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Thread: The least reflective color?

  1. #1 The least reflective color? 
    Forum Isotope (In)Sanity's Avatar
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    I'm not sure this belongs here or not.

    So what is the least reflective color? Is it black? If so then why. I seen on the discovery channel a while back that the engineers of the stealth planes wanted to paint them a dark purple instead of black. They said it was the hardest to see. They of course didn't out of respect for the pilots.

    Why is black the least reflective, what are the dynamics of photons interacting with the surfaces to produce this blackness? Does the light fail to return back at a direct angle, or is it absorbed?


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  3. #2  
    Forum Ph.D.
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    Color is the visible result of one of the properties of an object, namely, light absortion. The color consists out of a spectrum of colors, and some objects absorb different amounts out of the spectrum. (where does all that energy go? Well, stuff you leave out in the sun gets hot, or can in other ways 'utilise' the gained energy)

    Black is the result when all of the (visible) light is absorbed. Meaning, that the least reflective color is a black that absorbs infrared and ultraviolet as well.

    The color dark purple probably has more to do with the color of the sky than anything else.

    Mr U


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  4. #3  
    Forum Junior superluminal's Avatar
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    Totally agree with HomoU. The question, however, should be "what are the properties of the least reflective surface" right? A totally black surface reflects none if the incident light in the visible range, and therefore has no "color".
    Huh?
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  5. #4  
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    Black. The answer is black. Black is the least reflective color. Black.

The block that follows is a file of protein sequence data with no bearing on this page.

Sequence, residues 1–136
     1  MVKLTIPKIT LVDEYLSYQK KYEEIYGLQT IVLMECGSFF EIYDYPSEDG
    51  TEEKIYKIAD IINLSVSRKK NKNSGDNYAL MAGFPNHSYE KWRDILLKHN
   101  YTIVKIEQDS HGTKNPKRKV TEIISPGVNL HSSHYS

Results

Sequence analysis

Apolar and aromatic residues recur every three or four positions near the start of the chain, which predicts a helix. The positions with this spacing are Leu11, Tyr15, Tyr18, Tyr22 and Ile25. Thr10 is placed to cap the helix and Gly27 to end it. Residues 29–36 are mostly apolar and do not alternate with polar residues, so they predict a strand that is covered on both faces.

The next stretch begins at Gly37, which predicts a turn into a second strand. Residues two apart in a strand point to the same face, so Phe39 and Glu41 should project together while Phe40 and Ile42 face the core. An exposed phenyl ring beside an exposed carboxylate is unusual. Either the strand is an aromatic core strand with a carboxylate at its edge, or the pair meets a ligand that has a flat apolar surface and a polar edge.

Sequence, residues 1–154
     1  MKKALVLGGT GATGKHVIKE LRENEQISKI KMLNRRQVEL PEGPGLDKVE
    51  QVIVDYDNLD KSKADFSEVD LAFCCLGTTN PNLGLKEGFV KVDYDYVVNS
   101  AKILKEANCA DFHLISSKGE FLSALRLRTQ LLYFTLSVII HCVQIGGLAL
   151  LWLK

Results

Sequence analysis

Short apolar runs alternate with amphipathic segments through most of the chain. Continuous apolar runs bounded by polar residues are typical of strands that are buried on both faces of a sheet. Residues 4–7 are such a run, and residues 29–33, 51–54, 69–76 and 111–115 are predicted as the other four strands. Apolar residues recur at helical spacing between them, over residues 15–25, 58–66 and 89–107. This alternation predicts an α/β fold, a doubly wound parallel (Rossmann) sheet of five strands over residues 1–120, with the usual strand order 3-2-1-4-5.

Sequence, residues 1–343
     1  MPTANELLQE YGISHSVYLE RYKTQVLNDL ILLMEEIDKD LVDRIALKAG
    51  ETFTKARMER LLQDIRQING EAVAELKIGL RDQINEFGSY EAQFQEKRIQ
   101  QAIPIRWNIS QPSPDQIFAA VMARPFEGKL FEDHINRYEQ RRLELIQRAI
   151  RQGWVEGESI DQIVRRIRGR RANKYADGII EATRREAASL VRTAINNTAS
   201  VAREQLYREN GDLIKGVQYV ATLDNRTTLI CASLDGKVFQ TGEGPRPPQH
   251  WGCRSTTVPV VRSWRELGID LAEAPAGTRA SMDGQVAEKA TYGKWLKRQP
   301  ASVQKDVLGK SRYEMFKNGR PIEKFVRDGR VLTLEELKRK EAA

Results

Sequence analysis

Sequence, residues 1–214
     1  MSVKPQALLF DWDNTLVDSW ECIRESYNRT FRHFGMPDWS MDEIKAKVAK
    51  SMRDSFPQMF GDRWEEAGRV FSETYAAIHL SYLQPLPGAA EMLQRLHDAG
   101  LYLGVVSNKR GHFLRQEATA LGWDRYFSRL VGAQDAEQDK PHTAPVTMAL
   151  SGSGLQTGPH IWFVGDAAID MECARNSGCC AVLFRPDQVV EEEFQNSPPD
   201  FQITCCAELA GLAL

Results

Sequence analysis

"Consider the daffodil. And while your doing that, I'll be over here, going through your stuff."
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  6. #5  
    Forum Sophomore spidergoat's Avatar
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    Definately black.

    An associate of my friend who was a NIST scientist created the blackest surface coating - ever. In magnification, it looked like very steep peaks and valleys.

    A quick google search shows several articles about British scientists inventing this, but I believe Chris Johnson invented it first. The process involves etching nickel with a particular grain structure with acid.

    Johnson, Christian E.
    Ultra-black coatings
    christian.johnson@nist.gov
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  7. #6  
    Forum Sophomore Elbethil's Avatar
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    Agreed that it's black.

    Furthermore, just thought I'd pitch in that there's two definitions of the colour "black": the absence of all colours of light; and an exhaustive mix of multiple colours.
    "In the beginning the Universe was created. This has made a lot of people very angry and been widely regarded as a bad move." -- Douglas Adams
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  8. #7  
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    Quote Originally Posted by Elbethil
    Agreed that it's black.

    Furthermore, just thought I'd pitch in that there's two definitions of the colour "black": the absence of all colours of light; and an exhaustive mix of multiple colours.
    I believe an exhaustive mix of all colors would be white.

    You get black paint when you mix together multiple colors of paint because each color of paint absorbs certain wavelengths, and when you mix enough of them all wavelengths are being absorbed.
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  9. #8  
    Forum Junior superluminal's Avatar
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    Guys,

    Black is not a color. It is the absence of color. Visible color is the result of photons of wavelengths from red to violet striking your eye. If no photons are reflected from a surface, it appears black.

    White light is a uniform distribution of photons of all colors, from red to violet. The spectrum of white light is a rainbow. Remember highschool science class?

    Scifor Refugee is correct. There are emission spectra and absorption spectra.
    Huh?
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